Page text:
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Miller South art students get the pink carpet treatment

By admin Published: February 11, 2012

Grown-ups wearing fancy dresses and tuxedos with top hats and white gloves rolled out a pink carpet and offered mini-cinnamon rolls on platters to children arriving at Miller South School for the Visual and Performing Arts Friday morning.

It was the surprise grand opening with all the glamour of a Hollywood premiere of a student-made ceramic tile mural that arches over the interior entrance to the school.

''Don't you feel like you're at the Golden Globes?'' Shaker Heights ceramic artist George Woideck asked as the wide-eyed students sampled the glazed cinnamon ''hors d'oeuvres'' and admired the mural.

Woideck worked with about 135 Miller South arts students to create the mural, which depicts scenes of musicians, actors and artists representing the school's curriculum.

Charles Allgood, a seventh-grade art student, had been looking forward to seeing the finished arch. His team worked on the lower right corner, depicting an artist who uses a wheelchair.

''I can't believe I'm seeing it,'' he said.

But he didn't expect the glitz.

''I'm like, 'Oh, top hat. This is going to be exciting,'?'' he said.

Joshua Taylor, a seventh-grader who didn't work on the mural, also was surprised by the red-carpet treatment, which was modified to reflect the school's official colors: black, white and hot pink.

''I was kind of surprised and scared when I came in. Then I realized what it was,'' he said. ''I like the pink carpet.''

The entrance is in a foyer that was added to the school to accommodate an elevator. The addition has a large window that was, well, not aesthetically pleasing, art teacher Susan Yingling said.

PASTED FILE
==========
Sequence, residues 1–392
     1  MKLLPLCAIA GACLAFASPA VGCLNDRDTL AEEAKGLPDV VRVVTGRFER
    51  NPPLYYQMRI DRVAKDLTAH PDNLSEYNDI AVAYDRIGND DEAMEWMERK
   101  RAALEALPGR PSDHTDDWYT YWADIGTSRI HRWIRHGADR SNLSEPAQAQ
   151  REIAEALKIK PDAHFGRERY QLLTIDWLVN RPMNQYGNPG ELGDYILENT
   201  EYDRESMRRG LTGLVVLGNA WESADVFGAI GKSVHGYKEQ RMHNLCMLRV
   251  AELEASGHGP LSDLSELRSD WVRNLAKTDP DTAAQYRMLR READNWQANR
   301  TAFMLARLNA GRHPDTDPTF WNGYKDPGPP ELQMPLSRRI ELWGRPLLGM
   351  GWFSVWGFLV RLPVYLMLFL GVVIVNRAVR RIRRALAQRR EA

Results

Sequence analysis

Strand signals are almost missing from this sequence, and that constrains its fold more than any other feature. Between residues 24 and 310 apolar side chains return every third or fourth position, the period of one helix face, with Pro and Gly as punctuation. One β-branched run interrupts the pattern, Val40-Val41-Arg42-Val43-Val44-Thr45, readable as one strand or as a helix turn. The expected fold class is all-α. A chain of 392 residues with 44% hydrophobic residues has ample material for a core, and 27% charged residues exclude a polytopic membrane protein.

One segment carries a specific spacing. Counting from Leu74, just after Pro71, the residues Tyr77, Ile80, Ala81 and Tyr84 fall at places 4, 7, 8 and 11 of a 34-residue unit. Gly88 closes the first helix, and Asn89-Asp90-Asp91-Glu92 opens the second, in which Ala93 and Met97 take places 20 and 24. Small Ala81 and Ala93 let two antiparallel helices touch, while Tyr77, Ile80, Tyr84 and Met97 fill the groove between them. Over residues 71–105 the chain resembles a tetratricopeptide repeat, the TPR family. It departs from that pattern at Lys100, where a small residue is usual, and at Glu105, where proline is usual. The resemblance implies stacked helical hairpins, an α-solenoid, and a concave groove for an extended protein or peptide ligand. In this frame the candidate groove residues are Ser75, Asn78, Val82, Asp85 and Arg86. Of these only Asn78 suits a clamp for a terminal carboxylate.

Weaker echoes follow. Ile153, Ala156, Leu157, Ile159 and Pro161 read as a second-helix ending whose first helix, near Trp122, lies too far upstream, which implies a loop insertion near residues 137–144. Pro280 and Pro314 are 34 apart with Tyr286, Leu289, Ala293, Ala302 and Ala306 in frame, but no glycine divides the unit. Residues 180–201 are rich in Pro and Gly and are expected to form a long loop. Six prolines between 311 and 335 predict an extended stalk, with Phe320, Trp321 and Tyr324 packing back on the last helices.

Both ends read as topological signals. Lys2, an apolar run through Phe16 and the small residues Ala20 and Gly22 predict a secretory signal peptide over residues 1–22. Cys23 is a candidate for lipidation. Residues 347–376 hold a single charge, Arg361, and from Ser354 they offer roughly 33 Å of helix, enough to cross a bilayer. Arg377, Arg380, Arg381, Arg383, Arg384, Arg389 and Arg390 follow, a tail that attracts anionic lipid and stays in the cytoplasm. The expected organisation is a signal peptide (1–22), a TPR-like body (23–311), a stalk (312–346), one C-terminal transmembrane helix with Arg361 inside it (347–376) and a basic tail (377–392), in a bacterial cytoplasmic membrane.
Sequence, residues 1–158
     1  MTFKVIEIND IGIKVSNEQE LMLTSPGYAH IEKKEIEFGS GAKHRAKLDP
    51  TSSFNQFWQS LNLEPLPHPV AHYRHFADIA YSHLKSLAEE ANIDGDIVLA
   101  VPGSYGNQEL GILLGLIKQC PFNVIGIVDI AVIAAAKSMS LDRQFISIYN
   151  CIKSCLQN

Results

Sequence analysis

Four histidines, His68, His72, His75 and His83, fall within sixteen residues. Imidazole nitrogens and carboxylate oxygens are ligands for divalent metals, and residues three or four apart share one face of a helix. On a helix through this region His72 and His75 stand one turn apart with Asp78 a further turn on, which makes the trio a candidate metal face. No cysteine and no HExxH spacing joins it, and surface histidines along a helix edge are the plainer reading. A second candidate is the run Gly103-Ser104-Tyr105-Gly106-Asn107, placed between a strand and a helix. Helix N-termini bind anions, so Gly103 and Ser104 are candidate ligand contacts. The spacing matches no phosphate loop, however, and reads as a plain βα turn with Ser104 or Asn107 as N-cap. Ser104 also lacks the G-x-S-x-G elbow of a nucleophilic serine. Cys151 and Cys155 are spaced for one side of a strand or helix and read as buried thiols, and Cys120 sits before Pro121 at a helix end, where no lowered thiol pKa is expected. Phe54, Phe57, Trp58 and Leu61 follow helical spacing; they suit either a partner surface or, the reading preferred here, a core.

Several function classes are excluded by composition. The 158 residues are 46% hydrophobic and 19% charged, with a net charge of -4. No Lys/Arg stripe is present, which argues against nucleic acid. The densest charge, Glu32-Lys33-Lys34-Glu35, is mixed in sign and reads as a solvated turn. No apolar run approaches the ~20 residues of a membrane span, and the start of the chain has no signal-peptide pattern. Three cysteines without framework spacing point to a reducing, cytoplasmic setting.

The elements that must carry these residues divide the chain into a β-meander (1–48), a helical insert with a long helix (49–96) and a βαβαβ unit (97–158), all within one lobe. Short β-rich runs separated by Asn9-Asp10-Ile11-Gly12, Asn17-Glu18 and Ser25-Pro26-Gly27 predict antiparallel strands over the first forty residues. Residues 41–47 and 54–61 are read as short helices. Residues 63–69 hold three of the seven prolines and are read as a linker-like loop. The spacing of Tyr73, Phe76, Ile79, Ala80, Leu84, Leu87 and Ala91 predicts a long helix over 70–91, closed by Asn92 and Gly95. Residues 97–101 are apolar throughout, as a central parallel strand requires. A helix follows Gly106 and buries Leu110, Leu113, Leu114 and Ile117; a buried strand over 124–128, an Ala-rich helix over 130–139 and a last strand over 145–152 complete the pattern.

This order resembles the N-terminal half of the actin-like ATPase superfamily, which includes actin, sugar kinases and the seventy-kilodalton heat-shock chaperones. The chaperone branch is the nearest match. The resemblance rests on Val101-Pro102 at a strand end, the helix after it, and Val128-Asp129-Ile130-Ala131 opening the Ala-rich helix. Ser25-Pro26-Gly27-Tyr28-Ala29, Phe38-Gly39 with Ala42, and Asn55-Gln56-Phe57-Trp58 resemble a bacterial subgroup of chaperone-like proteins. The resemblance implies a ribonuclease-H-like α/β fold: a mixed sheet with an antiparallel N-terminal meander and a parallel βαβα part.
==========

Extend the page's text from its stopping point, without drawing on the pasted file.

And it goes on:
''It started because this window was so ugly,'' Yingling said. Yingling and fellow art teacher Malia Tschantz hoped that an archway mural could become the focal point of the entrance and make the ugly window sort of disappear.

The Miller South Booster Club contributed $1,200 and the teachers petitioned the school for another $1,200 so it could get some help from a Cleveland arts education organization called Young Audiences Arts for Learning.

''They do all of the arts,'' Yingling said. ''They're a really good resource if you want to look for somebody to come and do something.''

Young Audiences sent Woideck, who met with the students in December and collected their drawings.

''He took their drawings and created the mural from their drawings, and then brought all the tiles back and kids painted them,'' Yingling said.

The mural comprises about 200 6-inch-square glazed ceramic tiles. Painting them was difficult because students could apply only one layer of color, with no colors overlapping, so that the surface stayed shiny and smooth. Two layers of paint would dull the finish; three layers would make it rough like sandpaper.

Maria Finney, a fifth-grade artist, worked on part of the piano's keyboard in the mural. She showed a classmate which tiles she worked on, soaking up the gala scene.

''I thought it was awesome,'' she said.

John Higgins can be reached at 330-996-3792 or



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